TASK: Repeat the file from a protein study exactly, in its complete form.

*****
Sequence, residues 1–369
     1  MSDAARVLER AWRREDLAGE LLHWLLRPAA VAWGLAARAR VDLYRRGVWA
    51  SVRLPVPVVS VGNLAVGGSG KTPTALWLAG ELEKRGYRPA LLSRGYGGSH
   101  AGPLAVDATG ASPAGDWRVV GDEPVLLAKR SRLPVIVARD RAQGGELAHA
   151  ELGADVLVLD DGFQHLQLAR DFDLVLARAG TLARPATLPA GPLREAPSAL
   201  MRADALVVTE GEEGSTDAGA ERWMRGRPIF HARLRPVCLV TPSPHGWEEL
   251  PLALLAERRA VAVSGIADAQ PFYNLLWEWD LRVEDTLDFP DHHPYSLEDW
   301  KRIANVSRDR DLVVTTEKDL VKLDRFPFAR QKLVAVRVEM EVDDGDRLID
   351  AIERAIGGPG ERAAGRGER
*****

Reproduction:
Sequence, residues 1–369
     1  MSDAARVLER AWRREDLAGE LLHWLLRPAA VAWGLAARAR VDLYRRGVWA
    51  SVRLPVPVVS VGNLAVGGSG KTPTALWLAG ELEKRGYRPA LLSRGYGGSH
   101  AGPLAVDATG ASPAGDWRVV GDEPVLLAKR SRLPVIVARD RAQGGELAHA
   151  ELGADVLVLD DGFQHLQLAR DFDLVLARAG TLARPATLPA GPLREAPSAL
   201  MRADALVVTE GEEGSTDAGA ERWMRGRPIF HARLRPVCLV TPSPHGWEEL
   251  PLALLAERRA VAVSGIADAQ PFYNLLWEWD LRVEDTLDFP DHHPYSLEDW
   301  KRIANVSRDR DLVVTTEKDL VKLDRFPFAR QKLVAVRVEM EVDDGDRLID
   351  AIERAIGGPG ERAAGRGER